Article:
Measuing the Black Hole Mass vs Stellar mass relation via the ensemble variability of AGN
The flux variability observed in the light curves of Active Galactic Nuclei depends on the physical properties of the system, such as the mass of the central supermassive black hole and the accretion rate onto it. This opens the potential to measure black hole masses for individual AGN by analysing their light curves. Recently this arguement has been extended to populations. Extragalactic survey field detect large numbers of AGN at cosmological redshifts. Furthemore, many of these surveys also provide sparse light curves for individual sources, as a result of observations spread over time. These light curves on their own right contain limited and noisy information on the properties of individual AGN. Nevertheless, when studied as an ensemble, i.e. averaged over the entire population, they can provide useful signal on the black hole mass and accretion rate distribution of the sample.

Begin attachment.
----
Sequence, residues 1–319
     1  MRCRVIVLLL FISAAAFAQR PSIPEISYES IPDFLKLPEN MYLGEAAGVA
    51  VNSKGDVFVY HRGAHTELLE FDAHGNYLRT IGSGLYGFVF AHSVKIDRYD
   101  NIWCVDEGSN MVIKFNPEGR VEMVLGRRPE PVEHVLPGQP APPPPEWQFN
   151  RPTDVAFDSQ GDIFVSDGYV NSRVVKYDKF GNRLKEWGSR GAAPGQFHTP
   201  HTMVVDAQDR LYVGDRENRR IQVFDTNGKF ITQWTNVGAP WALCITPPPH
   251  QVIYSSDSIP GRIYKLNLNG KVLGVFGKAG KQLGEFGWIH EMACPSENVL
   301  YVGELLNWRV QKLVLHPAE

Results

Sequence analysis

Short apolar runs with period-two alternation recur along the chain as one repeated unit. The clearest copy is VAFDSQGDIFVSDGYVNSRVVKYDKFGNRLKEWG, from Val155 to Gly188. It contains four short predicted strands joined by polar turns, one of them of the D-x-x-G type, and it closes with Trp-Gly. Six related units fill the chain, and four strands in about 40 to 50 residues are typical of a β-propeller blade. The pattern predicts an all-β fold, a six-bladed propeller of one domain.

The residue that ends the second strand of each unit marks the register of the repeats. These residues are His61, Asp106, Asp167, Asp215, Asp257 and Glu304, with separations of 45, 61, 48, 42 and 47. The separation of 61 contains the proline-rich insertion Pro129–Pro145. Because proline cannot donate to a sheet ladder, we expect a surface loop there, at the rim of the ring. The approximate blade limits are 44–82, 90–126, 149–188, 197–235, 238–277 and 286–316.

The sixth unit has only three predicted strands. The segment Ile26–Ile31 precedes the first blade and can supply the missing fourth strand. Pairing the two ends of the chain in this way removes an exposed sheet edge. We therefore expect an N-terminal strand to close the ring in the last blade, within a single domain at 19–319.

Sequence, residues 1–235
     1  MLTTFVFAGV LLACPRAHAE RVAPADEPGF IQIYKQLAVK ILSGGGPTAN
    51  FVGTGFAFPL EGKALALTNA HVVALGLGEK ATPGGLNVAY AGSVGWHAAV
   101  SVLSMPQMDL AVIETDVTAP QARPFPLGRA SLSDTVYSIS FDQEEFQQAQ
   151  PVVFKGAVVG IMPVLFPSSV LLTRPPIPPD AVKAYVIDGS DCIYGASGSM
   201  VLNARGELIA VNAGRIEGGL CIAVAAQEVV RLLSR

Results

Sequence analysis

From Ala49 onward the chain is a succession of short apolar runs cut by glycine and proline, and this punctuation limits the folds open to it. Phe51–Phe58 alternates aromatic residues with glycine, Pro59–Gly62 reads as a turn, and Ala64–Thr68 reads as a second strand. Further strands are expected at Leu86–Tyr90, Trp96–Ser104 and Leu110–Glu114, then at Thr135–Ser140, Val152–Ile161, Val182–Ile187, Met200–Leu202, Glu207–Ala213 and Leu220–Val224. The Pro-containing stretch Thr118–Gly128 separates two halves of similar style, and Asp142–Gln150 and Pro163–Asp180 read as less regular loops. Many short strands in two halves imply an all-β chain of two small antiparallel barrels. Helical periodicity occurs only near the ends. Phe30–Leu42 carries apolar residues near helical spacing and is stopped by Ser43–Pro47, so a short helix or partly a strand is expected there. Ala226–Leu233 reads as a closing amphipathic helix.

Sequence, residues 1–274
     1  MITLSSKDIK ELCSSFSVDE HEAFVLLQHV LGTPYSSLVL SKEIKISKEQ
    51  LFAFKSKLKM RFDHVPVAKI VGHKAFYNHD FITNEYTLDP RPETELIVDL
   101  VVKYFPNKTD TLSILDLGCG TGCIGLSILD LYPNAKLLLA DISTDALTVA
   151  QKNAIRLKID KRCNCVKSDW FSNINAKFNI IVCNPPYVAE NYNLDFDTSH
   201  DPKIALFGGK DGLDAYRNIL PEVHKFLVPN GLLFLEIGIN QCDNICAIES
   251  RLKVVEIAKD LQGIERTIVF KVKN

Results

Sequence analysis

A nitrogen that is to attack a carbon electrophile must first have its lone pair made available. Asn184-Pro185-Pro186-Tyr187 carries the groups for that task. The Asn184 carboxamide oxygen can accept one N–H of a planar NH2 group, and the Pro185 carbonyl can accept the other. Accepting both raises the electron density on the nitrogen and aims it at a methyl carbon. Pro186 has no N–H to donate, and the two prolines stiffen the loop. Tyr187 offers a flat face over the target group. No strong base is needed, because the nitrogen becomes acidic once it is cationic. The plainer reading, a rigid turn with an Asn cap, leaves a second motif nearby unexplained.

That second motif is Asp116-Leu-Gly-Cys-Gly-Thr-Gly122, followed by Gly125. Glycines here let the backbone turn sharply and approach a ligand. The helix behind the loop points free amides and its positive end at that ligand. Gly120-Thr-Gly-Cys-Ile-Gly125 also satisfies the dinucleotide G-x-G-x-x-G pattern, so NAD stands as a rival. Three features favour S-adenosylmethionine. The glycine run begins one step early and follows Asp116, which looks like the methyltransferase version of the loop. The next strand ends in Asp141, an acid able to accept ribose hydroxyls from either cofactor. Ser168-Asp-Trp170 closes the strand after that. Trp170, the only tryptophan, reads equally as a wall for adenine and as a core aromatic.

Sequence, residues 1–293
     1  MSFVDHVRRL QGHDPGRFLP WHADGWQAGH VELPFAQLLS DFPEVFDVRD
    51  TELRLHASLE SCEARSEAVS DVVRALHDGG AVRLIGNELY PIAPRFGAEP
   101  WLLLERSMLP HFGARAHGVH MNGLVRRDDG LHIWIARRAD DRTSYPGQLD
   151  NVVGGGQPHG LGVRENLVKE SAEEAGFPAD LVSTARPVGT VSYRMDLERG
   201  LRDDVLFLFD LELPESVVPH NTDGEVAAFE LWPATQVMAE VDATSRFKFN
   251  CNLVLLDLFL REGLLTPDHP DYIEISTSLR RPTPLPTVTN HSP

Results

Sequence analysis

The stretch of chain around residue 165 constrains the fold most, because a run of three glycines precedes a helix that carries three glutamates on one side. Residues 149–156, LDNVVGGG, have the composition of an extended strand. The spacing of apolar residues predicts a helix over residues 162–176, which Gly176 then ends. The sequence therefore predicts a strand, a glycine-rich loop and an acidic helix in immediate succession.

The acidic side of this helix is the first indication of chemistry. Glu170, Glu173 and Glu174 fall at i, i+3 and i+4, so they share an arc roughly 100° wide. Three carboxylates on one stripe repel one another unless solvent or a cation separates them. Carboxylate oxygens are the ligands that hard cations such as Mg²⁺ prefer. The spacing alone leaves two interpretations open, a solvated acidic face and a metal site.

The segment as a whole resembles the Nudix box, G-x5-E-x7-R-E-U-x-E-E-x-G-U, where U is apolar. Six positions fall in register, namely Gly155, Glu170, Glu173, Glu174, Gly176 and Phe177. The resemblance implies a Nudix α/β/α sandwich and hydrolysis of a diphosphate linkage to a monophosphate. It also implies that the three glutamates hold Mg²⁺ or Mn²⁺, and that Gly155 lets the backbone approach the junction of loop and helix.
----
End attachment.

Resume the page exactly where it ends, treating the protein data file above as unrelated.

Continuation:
Combining measurements of the ensemble variability of AGN with approprtiate modeling allows constraints on the black hole mass distribution of AGN samples out to high redshift. The potential of this approach is demonstrated on the top panel on the left. It shows measurements of the ensemble variability of AGN in the Chandra Deep Field South survey (Paolillo et al. 2017) as a function of accretion luminosity. The shaded region correspond is the fit to the observations of an empirical model that links the demographics of AGN to their ensemble X-ray variability properties. One of the inputs of the empirical model is a pasteurisation of the Black Hole Mass vs Stellar Mass scaling relation. By fitting the data points of the top panel provides a handle on this relation. This is demonstrated in the bottom panel, which shows the best-fit Black Hole Mass vs Stellar Mass relation based on the ensemble variability measurements in comparison with independent estimates based on local galaxy samples. A full description of the methodology is available in ore details in Georgakakis et al. (2021)